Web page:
Facebook users are facing the latest wave of spam to hit the social networking site that seem mostly targeted as suspicious “payday loan” websites that purport to offer loans to Internet users. However this new wave of spam seems to be exploiting a vulnerability involving Facebook groups.
The first we heard of it was over a week ago when some garbled all-caps warning message hit the Facebook rumour mill at viral speed. The essentially useless message tried to warn Facebook users of a new spam attack regarding payday loans and American trainers, but ended up getting lost in its own breathless, incoherent “speech pattern”.
However it seems now that the threat the garbled message was attempting to describe is a trending method of spamming Facebook groups that hopefully Facebook will be fixing in the not-so-distant future.
It works by a spammer identifying a Facebook group to spam. If a spammer was to post a spammy link on the group then chances are it would be quickly and duly removed by the admin(s). However if the spammer was to first identify the group admin(s) and block them from the spammers own Facebook account then – as it transpires – any posts made by the spammer are invisible to the group admin(s) because of the block between the spammer and the admin.
This technique is being exploited by spammers as admins have to rely on their members to report the posts since they cannot see or remove them. In fact the problem is made much worse since the group Admin cannot even see the spammer on the group membership list because of the block between them.
This highlights a pretty serious privacy and security loophole by Facebook that has existed for some time now, without any fix from Facebook. However it is only recently that spammers have been using this loophole prolifically.
Possible fixes by Facebook for the issue could be that everyone posting in a Facebook group should have their posts made visible to the group admin, regardless of any blocks that may exist between them. Or perhaps when a Facebook user blocks another member, they are automatically banned/removed from any groups belonging to that member.
Currently, the only reasonable fix for users – other than migrating to Facebook Pages that do not suffer this problem – is to use a trusted member and temporarily promote them to admin status to both report and remove the offending posts and ban the spammer from the group, and then put them back to normal membership status. It is important not to announce or make public who that member is, otherwise the spammer could block them as well, and also important to put them to normal membership status after the job is done, as all group admins are made public.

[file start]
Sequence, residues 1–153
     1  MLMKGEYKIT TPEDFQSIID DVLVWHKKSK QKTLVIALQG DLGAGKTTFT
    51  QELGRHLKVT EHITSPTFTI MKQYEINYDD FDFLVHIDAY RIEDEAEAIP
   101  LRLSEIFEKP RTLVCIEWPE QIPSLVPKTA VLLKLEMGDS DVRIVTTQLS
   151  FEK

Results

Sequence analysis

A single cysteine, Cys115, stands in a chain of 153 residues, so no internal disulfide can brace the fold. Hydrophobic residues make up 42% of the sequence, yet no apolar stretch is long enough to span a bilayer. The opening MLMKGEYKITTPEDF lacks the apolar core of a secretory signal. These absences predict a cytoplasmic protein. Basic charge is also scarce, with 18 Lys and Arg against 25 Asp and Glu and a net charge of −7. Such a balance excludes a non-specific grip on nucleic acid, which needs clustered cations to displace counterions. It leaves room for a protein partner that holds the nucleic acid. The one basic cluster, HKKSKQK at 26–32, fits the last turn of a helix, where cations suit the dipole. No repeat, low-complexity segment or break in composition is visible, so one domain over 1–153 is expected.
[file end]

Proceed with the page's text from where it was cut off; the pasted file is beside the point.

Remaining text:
At the moment the spammers are concentrating on Payday Loans spam that link to very suspicious websites, of which many are only a handful of months old.
These websites are likely designed to steal your personal information, including your banking information, which could potentially lead to identity fraud. Not only are these sites brand new, but literally identical sites exist across the Internet, which is a massive red flag. Additionally, as we began to sign up using fake information, we noticed that the page requesting your bank information was on an unsecured page. Entering sensitive information on an unsecure page means that data is put at risk when you hit Submit. No legitimate loan company would send your information from an unsecured webpage.
If you entered your banking details into one of these websites, talk to your bank straight away and let them know what you have done. Remember, only trust legitimate loan companies and not sites that you end up on from spammy Internet links, be it on Facebook, email or other websites.
The screenshot above shows that the page is unsecure, beginning with http:// – secure pages begin with https:// – however the page is asking for sensitive information such as your bank account number.
Sadly despite these links being spammed on Facebook for over a week now, Facebook are being rather slow to block the offending links. If you see an offending post on a group you are a member of, don’t just ignore it. Hover over it and click the icon on the top right of the post and select Report/Mark as Spam. This will help Facebook block these spammy links.
Also if you see these spammy links, be aware that your group admin may not be able to see them, so let them know and point them to this article is necessary. Today it is payday loan websites, tomorrow the spam links could be taking you anywhere.
If we get any updates, we’ll let you know here.